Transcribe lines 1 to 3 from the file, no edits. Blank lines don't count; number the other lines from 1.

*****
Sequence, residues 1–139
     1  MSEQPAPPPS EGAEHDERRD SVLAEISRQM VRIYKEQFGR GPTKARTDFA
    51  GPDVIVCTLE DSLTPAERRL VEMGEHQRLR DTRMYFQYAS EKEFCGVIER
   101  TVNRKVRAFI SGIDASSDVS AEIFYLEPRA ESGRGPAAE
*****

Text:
Sequence, residues 1–139
     1  MSEQPAPPPS EGAEHDERRD SVLAEISRQM VRIYKEQFGR GPTKARTDFA
    51  GPDVIVCTLE DSLTPAERRL VEMGEHQRLR DTRMYFQYAS EKEFCGVIER